Cascading style sheets (CSS) are the modern standard for website presentation. When combined with a structural markup language such as HTML, XHTML, or XML (though not limited to these), cascading style sheets provide Internet browsers with the information that enables them to present all the visual aspects of a web document. Cascading style sheets apply things such as borders, spacing between paragraphs, headings or images, control of font faces or font colors, background colors and images, textual effects such as underlined or strike-through text, layering, positioning, and a number of other presentational effects. CSS controls the presentational aspects of a web page's design, whereas HTML, XHTML, or XML controls the structure of a web page, which means little more than determining that certain text is a heading, other text is a paragraph, still other text is a list of hyperlinks, and so on. CSS provides enhanced and precise visual rendering; markup languages such as HTML provide meaning and structure.
"Beginning CSS: Cascading Style Sheets for Web Design, Second Edition" covers all the details required to combine CSS with HTML, XHTML, or XML to create rich, aesthetically powerful designs. Throughout the book, you'll focus on combining CSS with XHTML specifically because XHTML is the standard hailed by Internet standards bodies as the successor to HTML and the present and future of website design. CSS and XHTML allow a web document to be presented with less code, resulting in a significantly smaller file size and greatly increased ease of maintenance. CSS also enables the presentation of a web document to be centralized, which allows for the look and feel of an entire website to be written and centralized in one or a few simple documents, which makes updating a website a breeze. With only a few simple edits to a single document, the look and feel of an entire website can be completely changed.
By using modern standards like CSS and XHTML, you can drastically reduce the cost of building and maintaining a website when compared to legacy HTML-only pages. You can also greatly reduce the amount of physical bandwidth and hard disk space required, resulting in immediate long-term benefits for any website.
This book also discusses how to style XML documents with CSS--XML being a more advanced markup language with multipurpose applications. XML will play an increasingly larger role in the production of XHTML documents in the future.
This second edition of "Beginning CSS" features a near-complete overhaul of the content from the first edition. Changes based on what readers had to say about the first edition helped to create the most comprehensive introduction on CSS available on the market. Throughout this book, you see CSS broken down into simple examples that focus on a single concept at a time. This allows you to better understand how and why something works, since you aren't presented with a lot of irrelevant code, and you can better see the bits and pieces that come together that make something work. While these examples may not be particularly pretty, they are extremely valuable learning tools that will help you master cascading style sheets.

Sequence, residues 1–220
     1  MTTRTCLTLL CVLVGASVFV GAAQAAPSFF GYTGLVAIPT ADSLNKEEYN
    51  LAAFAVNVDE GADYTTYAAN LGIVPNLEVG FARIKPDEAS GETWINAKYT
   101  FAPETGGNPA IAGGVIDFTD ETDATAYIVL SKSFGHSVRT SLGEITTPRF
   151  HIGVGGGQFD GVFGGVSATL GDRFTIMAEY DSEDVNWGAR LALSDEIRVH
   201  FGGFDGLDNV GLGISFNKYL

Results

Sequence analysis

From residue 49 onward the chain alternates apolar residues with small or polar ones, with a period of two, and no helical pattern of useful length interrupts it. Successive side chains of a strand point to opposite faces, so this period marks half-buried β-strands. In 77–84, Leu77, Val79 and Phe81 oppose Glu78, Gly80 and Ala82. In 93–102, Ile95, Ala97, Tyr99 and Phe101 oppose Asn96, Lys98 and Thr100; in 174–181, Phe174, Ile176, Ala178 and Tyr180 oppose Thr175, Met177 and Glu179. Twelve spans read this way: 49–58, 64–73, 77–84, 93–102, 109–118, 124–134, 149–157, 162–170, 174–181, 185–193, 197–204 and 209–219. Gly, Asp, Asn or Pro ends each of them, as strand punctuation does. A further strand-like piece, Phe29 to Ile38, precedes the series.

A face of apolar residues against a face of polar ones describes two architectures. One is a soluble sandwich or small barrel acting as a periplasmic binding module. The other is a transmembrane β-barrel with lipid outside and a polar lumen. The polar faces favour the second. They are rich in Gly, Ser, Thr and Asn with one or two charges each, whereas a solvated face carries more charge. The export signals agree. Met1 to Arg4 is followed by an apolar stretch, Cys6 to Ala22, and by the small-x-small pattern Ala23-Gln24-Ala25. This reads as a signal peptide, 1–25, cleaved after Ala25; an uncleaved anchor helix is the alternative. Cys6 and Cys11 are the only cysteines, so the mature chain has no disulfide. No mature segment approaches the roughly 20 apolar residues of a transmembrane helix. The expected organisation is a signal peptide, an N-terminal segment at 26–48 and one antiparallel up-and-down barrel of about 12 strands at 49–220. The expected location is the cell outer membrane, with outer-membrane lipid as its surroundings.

To enhance the learning experience, most of the source code examples are presented in syntax-colored code, a special feature in this book. Syntax coloring is a feature that you commonly see in fancy development software, such as Zend Studio (used to develop PHP), or Microsoft's Visual Studio (used to develop ASP, C#, and so on), and other software used by professional programmers every day. Syntax coloring is used in these software suites to make programming easier and more intuitive, and it offers tremendous benefits in teaching as well. It allows you to see what the different bits and pieces are in source code, since each of the different bits and pieces has a different coloring to identify its purpose. It helps you to distinguish the building blocks of code more easily, and if you use similar development software to write your CSS and HTML documents, you'll also find that you make fewer mistakes and typos, since syntax coloring also helps you to write code that is more bug free.
Many of the source code examples feature annotations to highlight important, not-to-be-forgotten bits of information, and to visually point out concepts that are discussed in the surrounding text.
This edition also features every screenshot from a browser in color, a first for Wrox. Presenting the browser screenshots in color makes it easier for you to compare your results with what you see in the book.
This book also approaches CSS development from a browser-neutral point of view, and provides all the information that you need to get a good healthy start on professional cross-browser, cross-platform website design with IE 6, IE 7, Firefox 2, Opera 9, and Safari 2, which will allow you to reach over 99 percent of the web browsing public.
You also see comprehensive coverage of bugs, and workarounds for the IE 6 and IE 7 web browsers. Long a thorn in the side of CSS developers, making CSS work in IE 6 can be quite a chore without detailed knowledge of its quirks and shortcomings. This book covers many of the hacks and nonstandard workarounds that you may need to develop compatible CSS content in IE 6. IE 7 features many great improvements to CSS support, and though they are much fewer than its predecessor, you still need a few tricks to make your web page shine in Microsoft's latest browser. It covers the workarounds that you'll need to make your pages work just as well in IE 7 as they do in all the other popular browsers. In addition, you'll find the quick reference in Appendix B updated to reflect all of IE 7's new CSS support.
Along with better coverage of Internet Explorer, there's greatly improved coverage of Mac OS X browsers, Safari, Firefox, and Opera. You'll see that Mac browsers are equally represented among their Windows brethren.